’84 Tigers didn’t start the season with a closer, and their bullpen was lean

Doug Bair was a key part of the Detroit bullpen in 1984.

Doug Bair was a key part of the Detroit bullpen in 1984.

One of the inevitable facts about being a baseball fan in 2013 is that you are almost always going to spend a lot of time listening to other fans gripe about the closer. It comes with the territory of being a fan nowadays.

Unless you’re a Yankee fan and have had the pleasure of watching Mariano Rivera for the last 15 years or so, you’re probably filled with grief and anxiety when games reach the 7th inning. Hell, maybe even the 6th inning.

Yes, modern baseball has a lot of bull today – bullpen that is. Every team has a closer who invariably becomes the lightning rod of talk radio, newspaper columns and the internet, social media, and the like. Like goalies in hockey and placekickers in the NFL, the “closer” is a specialist who is scrutinized on an almost daily basis. Do your job, and you are usually patted on the head and allowed to go back to your seat in the far distance beyond the outfield wall. Mess up, and you may be hung in effigy.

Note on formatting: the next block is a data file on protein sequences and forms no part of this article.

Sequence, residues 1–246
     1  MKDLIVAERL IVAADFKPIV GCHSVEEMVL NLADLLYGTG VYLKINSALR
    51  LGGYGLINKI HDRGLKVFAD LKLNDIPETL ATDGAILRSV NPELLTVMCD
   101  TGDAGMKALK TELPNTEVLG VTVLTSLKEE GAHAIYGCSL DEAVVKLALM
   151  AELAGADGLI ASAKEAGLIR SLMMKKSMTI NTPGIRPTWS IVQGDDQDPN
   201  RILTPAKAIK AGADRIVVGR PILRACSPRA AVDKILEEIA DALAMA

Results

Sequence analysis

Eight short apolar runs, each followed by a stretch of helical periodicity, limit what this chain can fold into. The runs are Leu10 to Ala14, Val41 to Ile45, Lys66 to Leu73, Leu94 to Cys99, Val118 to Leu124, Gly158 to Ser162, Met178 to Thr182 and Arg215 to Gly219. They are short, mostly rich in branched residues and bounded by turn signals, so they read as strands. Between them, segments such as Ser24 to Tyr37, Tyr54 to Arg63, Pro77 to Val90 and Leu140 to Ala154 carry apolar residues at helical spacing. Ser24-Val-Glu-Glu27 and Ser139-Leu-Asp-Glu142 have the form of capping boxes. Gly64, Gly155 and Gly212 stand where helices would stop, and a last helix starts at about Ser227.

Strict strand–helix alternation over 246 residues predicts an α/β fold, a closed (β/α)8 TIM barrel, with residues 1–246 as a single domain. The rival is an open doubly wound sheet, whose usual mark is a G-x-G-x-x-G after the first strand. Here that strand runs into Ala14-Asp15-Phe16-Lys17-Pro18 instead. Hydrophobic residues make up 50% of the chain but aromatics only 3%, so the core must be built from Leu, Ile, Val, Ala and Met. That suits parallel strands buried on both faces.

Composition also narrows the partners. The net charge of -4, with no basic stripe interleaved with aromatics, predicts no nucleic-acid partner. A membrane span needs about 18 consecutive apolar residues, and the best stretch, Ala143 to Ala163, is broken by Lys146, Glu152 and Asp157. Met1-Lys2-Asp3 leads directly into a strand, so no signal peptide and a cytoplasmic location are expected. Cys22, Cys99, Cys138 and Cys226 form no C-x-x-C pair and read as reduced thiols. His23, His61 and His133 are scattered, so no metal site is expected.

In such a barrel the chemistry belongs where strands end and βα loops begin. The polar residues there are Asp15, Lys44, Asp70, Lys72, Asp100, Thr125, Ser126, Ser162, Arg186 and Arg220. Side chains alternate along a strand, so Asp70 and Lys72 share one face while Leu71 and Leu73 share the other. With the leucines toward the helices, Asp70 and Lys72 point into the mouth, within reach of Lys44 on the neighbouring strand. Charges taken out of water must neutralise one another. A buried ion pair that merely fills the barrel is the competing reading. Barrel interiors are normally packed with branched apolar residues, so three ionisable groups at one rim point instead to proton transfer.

But that’s the modern game. It hasn’t always been that way. Would it surprise you to learn that the 1984 Detroit Tigers didn’t have a “closer”? How shocked would you be if I told you that the “Bless You Boys” championship team – lauded by many as the greatest the franchise has ever fielded – relied on three relief pitchers pretty much all season?

As Paul Harvey used to say, “It’s truuuue.”

When the Tigers broke spring training camp to head north to start the ’84 campaign, they had exactly nine pitchers on their 25-man roster. That’s right – the Tigers started the season with exactly nine arms. That left them 16 position players (one of the great strengths of the ’84 team was their bench, and the reason they failed to repeat in ’85 wasn’t a failure of their starting lineup or pitching staff, it was the complete collapse of their bench). But I digress – this is an article about bullpens.